The Transfer"Anger," said Father Joseph, "May at times be your ally, as well as your enemy. In fact, there will be times when, as it were, anger could conceivably be thought of as a sort of friend . The tigers of wrath may indeed be..."
There was a mass and approving cheer at the outburst, which faded quickly as the Headmaster's upper lip curled back from his yellowed teeth.
Father Joseph had a pretty good idea from whence the disruption had come. His shoes tocked loudly on the linoleum as he strolled at a frighteningly casual pace toward the rear of the room.
" wiser than the horses of instruction. Anger is an energy. One that God and His servants have employed to great effect since long before dawn of Man. I'm quite certain that you'll have no idea whom it was that I was quoting, do you, Monatague?"
There was no snickering now. Montague, a lanky youth with sallow skin and a pasted-down cowlick, picked at a shard of skin on the side of his thumb in an effort to avoid eye
EveI had a dream, which was not all a dream.
- Lord George Gordon Byron
"Eureka! What luck!"
The light on Karl's helmet flashed toward the shout like a jaundiced cyclops-eye. He clambered over crumpled car bodies, unsprung sofas, wheel-less shopping carts, the smashed shells of televisions. His boots left dark splotches in the crust of frozen brine that covered everything. The remnants of a barren, washed-up world.
"This better be good "
He found Wendell crouched on his heels with a battered soup can clutched to his chest, the dirt on his face streaked with tears, his breath pluming yellow by his own helmet's dim lamp.
Karl moved closer, cautiously. Wendell was not exactly stable at the best of times.
"Right, then. Give us a look."
A trickle of saliva wet his tongue. His stomach twisted at the prospect of something, anything to eat. Tilting his head, Karl peered down into the can. Lit by the helmet's sickly beam he saw something at the bottom. It was squirming. Alive.
ThirteenOne day I'll let her go -
my balloon child,
made of air and stuff so thin
I don't know how it holds her in.
Nor what I'm to do then,
but watch her go, with her string
still attached like a doubt
she's not cast off yet. Not today,
but soon. For now,
she's still my child balloon.
In lieu of flowersThere are portraits, for which she never sits
while I dab with improbable brushes:
wine bottles, wedding gowns. When viewed
with narrowed eyes from a distance, she
appears less ambiguous where blue
might be the shadow of a breast, a lotus,
the ghost of some recent, terrible blow.
Her eyes are the sole constant in a face
which shifts like white sand over shale
in the wind, a slurry of volcanic glass.
They've become quite the host, her many
disparate aspects, best approached alone
and out of sequence. I dread to think
of them lined up in a chronological arc
from girlhood to its distant, mad conclusion,
each cell animated by the one before it
as if attempting to spark a second life.
This is her art, the image which leaves me
crying like a child for its mother.
On my mother's shadowSeeing her now, she's always in yellow:
buttercup, lemon, ripe wheat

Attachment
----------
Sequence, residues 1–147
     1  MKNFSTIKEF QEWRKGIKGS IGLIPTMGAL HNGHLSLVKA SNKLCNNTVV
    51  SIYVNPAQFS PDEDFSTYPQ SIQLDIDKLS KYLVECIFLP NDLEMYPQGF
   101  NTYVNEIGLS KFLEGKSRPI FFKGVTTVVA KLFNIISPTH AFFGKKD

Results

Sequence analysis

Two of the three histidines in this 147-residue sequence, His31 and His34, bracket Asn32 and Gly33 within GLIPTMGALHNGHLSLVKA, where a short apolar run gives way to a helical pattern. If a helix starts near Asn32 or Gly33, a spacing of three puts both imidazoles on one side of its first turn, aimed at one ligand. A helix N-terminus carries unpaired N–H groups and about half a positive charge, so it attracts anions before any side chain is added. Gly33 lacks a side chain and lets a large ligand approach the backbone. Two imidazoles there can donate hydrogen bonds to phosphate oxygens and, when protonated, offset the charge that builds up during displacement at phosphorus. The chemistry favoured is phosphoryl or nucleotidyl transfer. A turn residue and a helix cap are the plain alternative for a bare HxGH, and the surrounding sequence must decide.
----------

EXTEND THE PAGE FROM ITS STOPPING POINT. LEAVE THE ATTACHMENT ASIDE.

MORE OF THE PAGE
in the sun as observed from the screen
of an oncoming car; her hems always
swaying, as if a dress
could capture life. I'd left her, blue
and lost, in the wilderness, far gone
but not far enough to keep her
from tracking a path back to old haunts
with a few jaundiced dreams
and her pockets stuffed with crumbs.
You're not going to believe this. Unzip the folder and check out image 14, number 227. Yes, that's a jugger you're looking at, only ten times the regulation embryo mass. And yes, that is an illegal frontal lobe.
Look at those EEG printouts. That says sentient-level brain activity, or I am a monkey's nutsack. And get this - according the dates, he's two and a half years old? Still in prenatal phase. Oh yeah, and zoom in on that dark spot on the left. #227 also seems to have grown himself an eyeball.
Our whole agenda here just took one giant leap into workable human rights territory. So let Jim know the plan's changed. Getting this jugger out alive will achieve a lot more than just sabotaging another lab.
Security's tight. I'll mail you when I can.
They excised the eye for biopsy. Makes me wonder if 227 is all about the next big WHO s
ExtractionI don't think of him in terms of then-and-now.
Some days he slips past tense altogether
& I wonder where he's gone - out to catch
some air, take a walk around my mental block?
Our intervals are slowly growing wider,
the way teeth spread out when one is pulled.
Sure, I can floss like the dickens now,
but there's always that blank, fleshy space
my tongue can't help but want to slide across.
Half the time, I don't know I'm doing it.
Hookey at the AbbatoirPart of it was the boys, rugged in bloodied aprons, muscled
arms brown where their sleeves rolled to. Tattooed,
most of them, sun blond almost-men, close enough to my age
for flirting. I itched, in the end of year heat, for anything
but that thousand-yard stare, the backs of my legs
glued to plastic seats, history, math, lunch hour grass rash.
Brain death. I wanted thrills. I wanted more to be the thrill,
their slaughterhouse Lolita. Eye candy, where none
had any right to be. The whole place stank of shit and death.
They hid me from the boss. Offered cigarettes, asked me out.
I said no, and I said yes.